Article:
“After due seasoning came the work of gnarled old shipwrights who erected the curved frames on the massive keel and clothed them with planking worked and bent to shape. No paper plans, only a rough half model, gave sweetness of line, and the master builder’s eye was the unerring arbiter, and his knowledge the safeguard that all would be well when the testing time came, as come it would, sooner or later.” Edgar J. March Sailing Trawlers – The Story of Deep-Sea Fishing with Longline and Trawl.
The Brixham trawler was a unique design, combining strength, seaworthiness, power and speed. But how did shipwrights actually go about building a sailing trawler that combined all these features? This section of our website, and the animated Computer Aided Design (CAD), aims to explain and demonstrate how a Brixham trawler was built.
The vessel featured in the animated CAD is based on the plans of “Master Hand”, a Brixham sailing trawler built in 1920 and featured in Edgar J. March’s ‘Sailing Trawlers’. In his book, published in 1953, Edgar March wanted to make the general public aware of these great vessels and the enormous craft and skill required to build and sail them. We hope this video goes a little way to furthering his work.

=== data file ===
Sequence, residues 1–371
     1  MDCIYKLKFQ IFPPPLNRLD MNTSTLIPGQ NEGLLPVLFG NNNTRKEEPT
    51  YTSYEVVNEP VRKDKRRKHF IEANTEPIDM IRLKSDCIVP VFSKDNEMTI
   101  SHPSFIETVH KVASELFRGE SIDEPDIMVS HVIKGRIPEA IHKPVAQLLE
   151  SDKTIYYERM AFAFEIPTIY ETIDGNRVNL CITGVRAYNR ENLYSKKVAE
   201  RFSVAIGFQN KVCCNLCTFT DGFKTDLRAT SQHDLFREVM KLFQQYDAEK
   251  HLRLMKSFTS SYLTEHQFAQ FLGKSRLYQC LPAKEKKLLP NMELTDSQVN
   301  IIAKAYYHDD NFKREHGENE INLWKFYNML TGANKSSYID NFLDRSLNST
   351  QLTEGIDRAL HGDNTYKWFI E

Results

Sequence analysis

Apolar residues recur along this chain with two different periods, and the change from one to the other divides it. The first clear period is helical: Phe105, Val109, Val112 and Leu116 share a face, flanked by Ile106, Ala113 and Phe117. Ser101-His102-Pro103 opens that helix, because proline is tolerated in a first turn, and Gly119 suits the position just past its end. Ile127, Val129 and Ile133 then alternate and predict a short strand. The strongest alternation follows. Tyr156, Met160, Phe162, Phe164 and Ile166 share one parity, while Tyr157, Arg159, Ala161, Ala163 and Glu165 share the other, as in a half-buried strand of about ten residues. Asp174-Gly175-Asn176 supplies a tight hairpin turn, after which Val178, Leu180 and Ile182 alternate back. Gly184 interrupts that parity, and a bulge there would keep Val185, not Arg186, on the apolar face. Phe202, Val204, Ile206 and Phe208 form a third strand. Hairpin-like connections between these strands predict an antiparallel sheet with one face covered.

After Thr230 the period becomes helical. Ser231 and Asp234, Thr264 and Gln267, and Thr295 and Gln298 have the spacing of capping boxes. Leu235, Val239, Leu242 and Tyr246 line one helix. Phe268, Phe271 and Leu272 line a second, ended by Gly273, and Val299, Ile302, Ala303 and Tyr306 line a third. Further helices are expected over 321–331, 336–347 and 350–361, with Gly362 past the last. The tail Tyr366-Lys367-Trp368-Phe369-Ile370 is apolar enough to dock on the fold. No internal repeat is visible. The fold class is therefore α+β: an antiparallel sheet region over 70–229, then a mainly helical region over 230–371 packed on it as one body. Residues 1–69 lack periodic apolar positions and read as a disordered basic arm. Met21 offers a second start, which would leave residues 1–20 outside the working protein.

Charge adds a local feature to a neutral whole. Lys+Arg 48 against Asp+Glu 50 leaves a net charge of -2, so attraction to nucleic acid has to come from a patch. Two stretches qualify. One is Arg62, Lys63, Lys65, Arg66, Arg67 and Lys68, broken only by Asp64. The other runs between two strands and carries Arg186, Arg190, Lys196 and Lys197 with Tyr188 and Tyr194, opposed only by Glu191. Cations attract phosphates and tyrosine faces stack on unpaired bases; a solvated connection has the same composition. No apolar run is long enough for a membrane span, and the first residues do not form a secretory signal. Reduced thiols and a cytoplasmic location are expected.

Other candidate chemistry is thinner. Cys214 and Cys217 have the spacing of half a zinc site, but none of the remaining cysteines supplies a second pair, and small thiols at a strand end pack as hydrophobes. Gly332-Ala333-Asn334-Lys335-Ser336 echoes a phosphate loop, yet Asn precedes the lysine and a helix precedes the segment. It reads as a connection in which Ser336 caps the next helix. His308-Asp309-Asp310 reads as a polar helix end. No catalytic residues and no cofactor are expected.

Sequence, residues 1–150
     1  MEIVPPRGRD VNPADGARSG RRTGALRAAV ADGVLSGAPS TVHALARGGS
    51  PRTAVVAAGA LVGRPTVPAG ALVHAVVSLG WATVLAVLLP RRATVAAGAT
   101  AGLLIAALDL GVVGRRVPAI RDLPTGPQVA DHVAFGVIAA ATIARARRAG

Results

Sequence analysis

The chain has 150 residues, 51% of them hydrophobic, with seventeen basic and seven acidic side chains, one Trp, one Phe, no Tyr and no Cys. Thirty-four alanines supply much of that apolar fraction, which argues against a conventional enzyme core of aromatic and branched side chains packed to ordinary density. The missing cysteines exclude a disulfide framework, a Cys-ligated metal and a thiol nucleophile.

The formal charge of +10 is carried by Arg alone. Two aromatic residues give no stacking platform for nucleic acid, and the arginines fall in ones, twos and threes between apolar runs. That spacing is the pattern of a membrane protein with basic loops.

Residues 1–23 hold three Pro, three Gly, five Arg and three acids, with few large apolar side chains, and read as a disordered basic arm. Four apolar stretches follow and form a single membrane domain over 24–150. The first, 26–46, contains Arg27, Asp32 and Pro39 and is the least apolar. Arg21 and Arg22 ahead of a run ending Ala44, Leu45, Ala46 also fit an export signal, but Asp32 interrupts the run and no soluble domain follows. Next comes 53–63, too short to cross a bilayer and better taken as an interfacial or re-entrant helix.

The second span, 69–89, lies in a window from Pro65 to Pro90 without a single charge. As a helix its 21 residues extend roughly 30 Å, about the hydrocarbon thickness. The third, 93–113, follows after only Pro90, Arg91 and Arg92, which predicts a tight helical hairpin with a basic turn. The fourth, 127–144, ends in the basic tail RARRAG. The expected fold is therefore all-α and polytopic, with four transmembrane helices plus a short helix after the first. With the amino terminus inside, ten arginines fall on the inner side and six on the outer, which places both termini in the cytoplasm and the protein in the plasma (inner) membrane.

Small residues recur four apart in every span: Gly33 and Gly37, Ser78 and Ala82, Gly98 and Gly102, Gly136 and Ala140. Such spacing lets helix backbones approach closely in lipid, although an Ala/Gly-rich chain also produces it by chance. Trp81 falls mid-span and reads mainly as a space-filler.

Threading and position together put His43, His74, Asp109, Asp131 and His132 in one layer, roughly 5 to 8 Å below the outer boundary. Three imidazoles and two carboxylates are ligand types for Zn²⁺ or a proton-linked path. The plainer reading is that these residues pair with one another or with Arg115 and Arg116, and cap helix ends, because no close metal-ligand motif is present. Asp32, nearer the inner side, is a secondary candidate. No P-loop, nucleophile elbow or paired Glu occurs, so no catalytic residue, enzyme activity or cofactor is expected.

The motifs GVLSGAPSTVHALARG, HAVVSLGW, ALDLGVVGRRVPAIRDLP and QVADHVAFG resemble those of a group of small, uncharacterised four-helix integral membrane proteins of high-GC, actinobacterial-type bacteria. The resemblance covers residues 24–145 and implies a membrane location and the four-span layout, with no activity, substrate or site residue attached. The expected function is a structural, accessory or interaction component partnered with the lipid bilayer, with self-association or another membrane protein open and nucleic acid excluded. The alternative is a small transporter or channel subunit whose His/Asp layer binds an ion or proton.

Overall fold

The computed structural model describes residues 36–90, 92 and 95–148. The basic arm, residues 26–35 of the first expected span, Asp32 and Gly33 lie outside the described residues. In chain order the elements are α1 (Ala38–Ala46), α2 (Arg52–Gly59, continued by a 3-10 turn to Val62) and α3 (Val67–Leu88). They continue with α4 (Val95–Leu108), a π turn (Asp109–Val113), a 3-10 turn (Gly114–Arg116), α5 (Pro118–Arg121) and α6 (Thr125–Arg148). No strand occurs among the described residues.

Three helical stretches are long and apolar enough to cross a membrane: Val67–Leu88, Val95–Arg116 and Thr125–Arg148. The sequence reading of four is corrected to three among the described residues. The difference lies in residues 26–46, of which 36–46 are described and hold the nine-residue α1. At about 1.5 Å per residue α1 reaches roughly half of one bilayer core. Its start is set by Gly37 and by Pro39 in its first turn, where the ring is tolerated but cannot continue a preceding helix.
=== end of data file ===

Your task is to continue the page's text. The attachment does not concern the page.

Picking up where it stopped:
This CAD animation, the first of its kind featuring a Brixham trawler, accurately depicts the line drawings of “Master Hand” and the stages involved in constructing that vessel.
As some aspects of the order of the build have had to be altered to make the animation, the following provides a stage-by-stage breakdown of the build process.
Some Key Facts:
Although the structure of all Brixham trawlers followed a general blueprint, the types of wood and joints used varied depending upon the ship building yard, the wood they had available and the amount the owner wished to spend. As such no two trawlers were ever built exactly the same.
* The main structure of the trawler, the frames, beams etc. would be made of Oak. This is a strong wood, pleasant to work and which, in the 19th century, was plentiful in supply.
* Some yards did use Elm for the keel and deadwood, as it is very hard wearing when permanently wet, however its wayward grain did make it very difficult to work.
* When the industry boomed in the 1870’s boat Yards could build a trawler in less than three months.
This work forms part the ‘Provident Project‘, which has been funded through the Heritage Lottery Fund SW.